New study looking at carbon cycling in a serpentinization spring

Carbon metabolism and adaptation of hyperalkaliphilic microbes in serpentinizing spring of Manleluag, the Philippines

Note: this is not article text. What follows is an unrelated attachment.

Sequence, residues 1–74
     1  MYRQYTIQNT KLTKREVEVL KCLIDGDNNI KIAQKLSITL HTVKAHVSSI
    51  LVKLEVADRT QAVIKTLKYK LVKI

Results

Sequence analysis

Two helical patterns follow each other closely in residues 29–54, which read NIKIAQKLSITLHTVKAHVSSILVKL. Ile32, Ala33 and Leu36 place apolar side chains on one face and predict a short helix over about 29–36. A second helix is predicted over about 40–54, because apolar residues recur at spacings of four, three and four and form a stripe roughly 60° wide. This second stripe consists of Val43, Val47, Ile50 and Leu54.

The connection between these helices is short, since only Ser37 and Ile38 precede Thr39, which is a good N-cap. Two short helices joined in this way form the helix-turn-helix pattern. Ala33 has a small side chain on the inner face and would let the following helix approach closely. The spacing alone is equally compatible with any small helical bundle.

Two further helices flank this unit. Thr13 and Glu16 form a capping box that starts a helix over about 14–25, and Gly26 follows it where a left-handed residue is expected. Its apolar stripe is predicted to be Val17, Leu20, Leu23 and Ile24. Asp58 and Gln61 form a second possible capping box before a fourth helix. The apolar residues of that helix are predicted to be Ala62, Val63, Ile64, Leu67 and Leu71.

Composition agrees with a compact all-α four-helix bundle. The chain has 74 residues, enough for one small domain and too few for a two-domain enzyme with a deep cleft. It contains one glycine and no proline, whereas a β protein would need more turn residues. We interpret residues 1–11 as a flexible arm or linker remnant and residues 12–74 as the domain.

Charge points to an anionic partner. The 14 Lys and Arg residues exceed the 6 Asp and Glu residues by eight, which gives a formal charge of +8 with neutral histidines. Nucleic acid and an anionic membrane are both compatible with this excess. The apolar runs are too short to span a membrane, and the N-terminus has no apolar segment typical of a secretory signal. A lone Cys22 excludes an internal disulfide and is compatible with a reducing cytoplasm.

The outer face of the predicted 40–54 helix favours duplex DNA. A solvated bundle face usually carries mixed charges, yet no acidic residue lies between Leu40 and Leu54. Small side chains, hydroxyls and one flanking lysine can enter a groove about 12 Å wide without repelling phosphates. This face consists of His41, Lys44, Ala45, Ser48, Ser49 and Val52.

Reduced substrates produced by the serpentinization reaction under hydration of olivine may have fuelled biological processes on early Earth. To understand the adaptive strategies and carbon metabolism of the microbes in the serpentinizing ecosystems, we reconstructed 18 draft genomes representing dominant species of Omnitrophicaeota, Gammaproteobacteria and Methanobacteria from the Manleluag serpentinizing spring in Zambales, Philippines (hyperalkaline and rich in methane and hydrogen). Phylogenomics revealed that two genomes were affiliated with a candidate phylum NPL-UPA2 and the references of all our genomes were derived from ground waters, hot springs and the deep biosphere. C1 metabolism appears to be widespread as most of the genomes code for methanogenesis, CO oxidation and CO2 fixation. However, likely due to the low CO2concentration and election acceptors, the biomass in the spring was extremely low (<103 cell/ml). Various Na+ and K+ transporters and Na+-driving ATPases appear to be encoded by these genomes, suggesting that nutrient acquisition, bioenergetics and normal cytoplasmic pH were dependent on Na+ and K+ pumps. Our results advance our understanding of the metabolic potentials and bioenergetics of serpentinizing springs and provide a framework of the ecology of early Earth.


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